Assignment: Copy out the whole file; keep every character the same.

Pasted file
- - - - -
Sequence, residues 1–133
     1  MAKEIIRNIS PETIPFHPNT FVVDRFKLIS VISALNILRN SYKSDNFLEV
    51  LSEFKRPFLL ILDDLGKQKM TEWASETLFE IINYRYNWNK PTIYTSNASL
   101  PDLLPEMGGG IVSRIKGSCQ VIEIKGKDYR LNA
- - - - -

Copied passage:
Sequence, residues 1–133
     1  MAKEIIRNIS PETIPFHPNT FVVDRFKLIS VISALNILRN SYKSDNFLEV
    51  LSEFKRPFLL ILDDLGKQKM TEWASETLFE IINYRYNWNK PTIYTSNASL
   101  PDLLPEMGGG IVSRIKGSCQ VIEIKGKDYR LNA